Graduate Assistant Dan Ambrosio is currently pursuing his Doctor of Business Administration (DBA) degree at Walden University. In Dan’s Take, he shares his perspective on career management from a student’s eye view. Dan lives in Germany where he teaches business English. He enjoys traveling, studying, riding motorcycles, and working out.
Career fairs are an excellent way to meet hiring managers face-to-face. It is effortless nowadays to apply for multiple jobs through the Internet. As a result, companies tend to receive an overwhelming amount of applications and resumes. The challenge for job hunters is to stand out among all of these applications and make themselves known to potential employers. One of the ways to get yourself in front of a hiring manager and to network with business professionals is to attend a career fair.
Recently, I participated in a couple of career fairs where multiple companies were hiring. Bring more hard copies of your resume than you think you need, so recruiters are never left empty-handed. Every hiring manager I spoke with wanted a copy of my resume. Also, make sure that you thoroughly review your resume beforehand (e.g., check for grammar, style, action verbs, etc.). A resume will do just fine at the career fairs; no one asked me for a cover letter.
Make sure to look your best. While this is not a formal interview process, dressing professionally shows professionalism and sometimes hiring managers will interview and hire on the spot. I found it beneficial to introduce myself before asking any questions about their organization and available positions. The length of each conversation depended on the number of their current openings and future opportunities. The hiring managers I spoke with gave me their business cards which allowed me to email or call them directly if I decided to pursue an opportunity at their company.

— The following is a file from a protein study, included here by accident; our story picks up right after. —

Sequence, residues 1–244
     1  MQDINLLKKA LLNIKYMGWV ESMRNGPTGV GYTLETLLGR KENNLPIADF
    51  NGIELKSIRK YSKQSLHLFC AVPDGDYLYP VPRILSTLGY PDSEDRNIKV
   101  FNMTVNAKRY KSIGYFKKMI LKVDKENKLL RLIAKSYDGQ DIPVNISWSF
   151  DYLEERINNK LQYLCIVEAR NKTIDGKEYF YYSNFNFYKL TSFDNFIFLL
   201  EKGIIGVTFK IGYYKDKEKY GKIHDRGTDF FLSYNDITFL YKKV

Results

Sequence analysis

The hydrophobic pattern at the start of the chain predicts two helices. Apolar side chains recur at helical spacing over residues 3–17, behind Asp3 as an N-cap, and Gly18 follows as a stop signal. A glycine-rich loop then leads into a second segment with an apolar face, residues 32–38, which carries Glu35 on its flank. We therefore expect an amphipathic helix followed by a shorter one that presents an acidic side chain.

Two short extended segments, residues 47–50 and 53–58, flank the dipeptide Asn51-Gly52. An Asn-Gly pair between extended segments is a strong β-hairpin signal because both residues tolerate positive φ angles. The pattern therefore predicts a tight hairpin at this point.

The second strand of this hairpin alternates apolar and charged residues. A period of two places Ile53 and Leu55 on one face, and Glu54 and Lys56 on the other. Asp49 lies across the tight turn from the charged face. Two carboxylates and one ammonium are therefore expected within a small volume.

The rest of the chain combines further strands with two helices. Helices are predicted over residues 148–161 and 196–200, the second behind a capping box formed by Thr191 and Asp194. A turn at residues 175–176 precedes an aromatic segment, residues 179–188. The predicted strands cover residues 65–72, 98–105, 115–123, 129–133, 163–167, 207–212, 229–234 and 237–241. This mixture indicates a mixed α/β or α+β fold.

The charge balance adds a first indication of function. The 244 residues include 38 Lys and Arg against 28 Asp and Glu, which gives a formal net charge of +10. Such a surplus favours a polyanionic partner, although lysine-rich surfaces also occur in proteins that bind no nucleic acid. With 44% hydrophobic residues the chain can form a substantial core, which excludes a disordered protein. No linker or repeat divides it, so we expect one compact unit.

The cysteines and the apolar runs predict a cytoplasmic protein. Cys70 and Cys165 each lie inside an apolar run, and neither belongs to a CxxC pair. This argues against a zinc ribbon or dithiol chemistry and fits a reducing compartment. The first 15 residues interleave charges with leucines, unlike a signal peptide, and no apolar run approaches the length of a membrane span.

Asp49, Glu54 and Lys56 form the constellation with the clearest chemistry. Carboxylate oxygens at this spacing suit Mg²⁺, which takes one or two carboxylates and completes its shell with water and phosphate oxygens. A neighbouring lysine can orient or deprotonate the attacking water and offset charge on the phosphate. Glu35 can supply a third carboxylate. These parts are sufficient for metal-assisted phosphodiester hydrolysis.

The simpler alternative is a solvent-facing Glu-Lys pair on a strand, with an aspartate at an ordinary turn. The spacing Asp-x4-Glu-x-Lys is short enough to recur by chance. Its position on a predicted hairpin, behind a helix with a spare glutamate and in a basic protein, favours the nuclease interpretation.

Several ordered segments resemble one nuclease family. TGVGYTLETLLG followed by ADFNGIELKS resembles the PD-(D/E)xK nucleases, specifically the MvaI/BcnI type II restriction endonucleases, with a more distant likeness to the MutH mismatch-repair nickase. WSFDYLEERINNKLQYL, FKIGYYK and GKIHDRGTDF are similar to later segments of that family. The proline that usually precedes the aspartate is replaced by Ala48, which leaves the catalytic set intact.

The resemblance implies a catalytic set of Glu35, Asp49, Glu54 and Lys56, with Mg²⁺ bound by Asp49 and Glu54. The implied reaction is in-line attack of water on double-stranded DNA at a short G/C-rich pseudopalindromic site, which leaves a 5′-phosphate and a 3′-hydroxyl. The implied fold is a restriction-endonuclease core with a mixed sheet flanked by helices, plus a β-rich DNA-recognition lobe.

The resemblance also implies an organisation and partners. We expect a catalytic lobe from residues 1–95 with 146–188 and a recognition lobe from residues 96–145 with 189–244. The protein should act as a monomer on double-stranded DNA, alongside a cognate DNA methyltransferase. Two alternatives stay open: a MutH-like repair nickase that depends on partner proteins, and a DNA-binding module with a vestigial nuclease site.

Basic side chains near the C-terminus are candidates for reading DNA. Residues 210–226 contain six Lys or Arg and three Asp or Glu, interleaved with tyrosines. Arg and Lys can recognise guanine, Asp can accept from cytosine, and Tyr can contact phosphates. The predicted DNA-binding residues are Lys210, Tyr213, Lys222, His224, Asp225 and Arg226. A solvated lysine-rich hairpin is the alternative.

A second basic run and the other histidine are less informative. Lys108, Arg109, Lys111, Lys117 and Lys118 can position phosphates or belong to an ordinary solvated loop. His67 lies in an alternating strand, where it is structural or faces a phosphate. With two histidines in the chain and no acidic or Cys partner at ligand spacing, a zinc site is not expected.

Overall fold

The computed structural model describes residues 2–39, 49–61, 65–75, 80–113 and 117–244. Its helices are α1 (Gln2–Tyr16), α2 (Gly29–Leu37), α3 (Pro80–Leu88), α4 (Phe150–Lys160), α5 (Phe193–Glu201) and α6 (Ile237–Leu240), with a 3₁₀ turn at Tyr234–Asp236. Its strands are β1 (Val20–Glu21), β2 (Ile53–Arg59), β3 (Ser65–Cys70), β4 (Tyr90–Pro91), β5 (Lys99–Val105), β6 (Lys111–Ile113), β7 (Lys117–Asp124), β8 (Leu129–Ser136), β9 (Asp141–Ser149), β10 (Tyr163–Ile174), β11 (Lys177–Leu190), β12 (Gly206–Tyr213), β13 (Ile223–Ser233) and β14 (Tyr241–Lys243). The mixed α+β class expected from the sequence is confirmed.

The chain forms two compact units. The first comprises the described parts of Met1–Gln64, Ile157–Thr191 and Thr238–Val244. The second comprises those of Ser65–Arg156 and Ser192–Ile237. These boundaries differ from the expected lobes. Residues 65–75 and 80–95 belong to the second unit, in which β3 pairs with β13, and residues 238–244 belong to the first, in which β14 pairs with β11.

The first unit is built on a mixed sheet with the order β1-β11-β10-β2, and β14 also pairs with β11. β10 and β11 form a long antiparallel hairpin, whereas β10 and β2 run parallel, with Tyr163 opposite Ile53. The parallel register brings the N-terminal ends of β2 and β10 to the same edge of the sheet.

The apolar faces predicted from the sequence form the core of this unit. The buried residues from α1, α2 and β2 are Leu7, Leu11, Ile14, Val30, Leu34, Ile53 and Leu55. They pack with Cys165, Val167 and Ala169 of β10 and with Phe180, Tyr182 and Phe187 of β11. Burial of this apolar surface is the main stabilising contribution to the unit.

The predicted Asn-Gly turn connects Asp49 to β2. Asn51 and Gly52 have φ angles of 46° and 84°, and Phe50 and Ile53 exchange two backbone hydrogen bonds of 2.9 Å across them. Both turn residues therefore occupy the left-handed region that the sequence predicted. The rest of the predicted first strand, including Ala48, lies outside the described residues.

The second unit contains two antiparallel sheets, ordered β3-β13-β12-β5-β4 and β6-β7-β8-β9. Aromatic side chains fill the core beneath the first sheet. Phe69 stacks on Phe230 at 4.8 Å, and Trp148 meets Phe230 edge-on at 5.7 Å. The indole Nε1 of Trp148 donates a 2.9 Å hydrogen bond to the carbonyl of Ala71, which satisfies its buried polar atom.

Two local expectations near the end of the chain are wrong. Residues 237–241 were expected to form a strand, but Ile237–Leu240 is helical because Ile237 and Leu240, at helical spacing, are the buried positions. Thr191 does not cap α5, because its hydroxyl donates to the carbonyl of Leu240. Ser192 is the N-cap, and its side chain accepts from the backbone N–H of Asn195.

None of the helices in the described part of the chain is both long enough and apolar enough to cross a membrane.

Research the companies and positions available as much as possible before attending. Often the career fair’s website will list the companies in attendance and the positions available. This information will help you to prioritize your time. Even if you do your research, it is essential to ask questions. A career fair is a great opportunity to gain a better understanding of company culture and demonstrate your interest. Even if the position or the company is not for you, the managers may know someone who is! If there is a position that you are interested in, remember to follow up with the person you spoke with at the career fair.
Career fairs are also an excellent way to network. It never hurts to get to know someone professionally and possibly connect with them on LinkedIn. It is much simpler to get to know an organization when you meet a representative in person, versus clicking “apply” online. Unfortunately, career fairs are not available all the time. That being said, most major cities have them. I found the career fairs that I attended by searching on Google. Most career fairs will require that you register and bring proof of registration. So far, the career fairs I attended have been free. Some career fairs are larger than others, so bring plenty of resumes. I hope your job hunt is going well and good luck at your next career fair event!
For more career related information visit the Walden Career Services Center website.
Written by Dan Ambrosio, Walden DBA Student, Career Services Graduate Assistant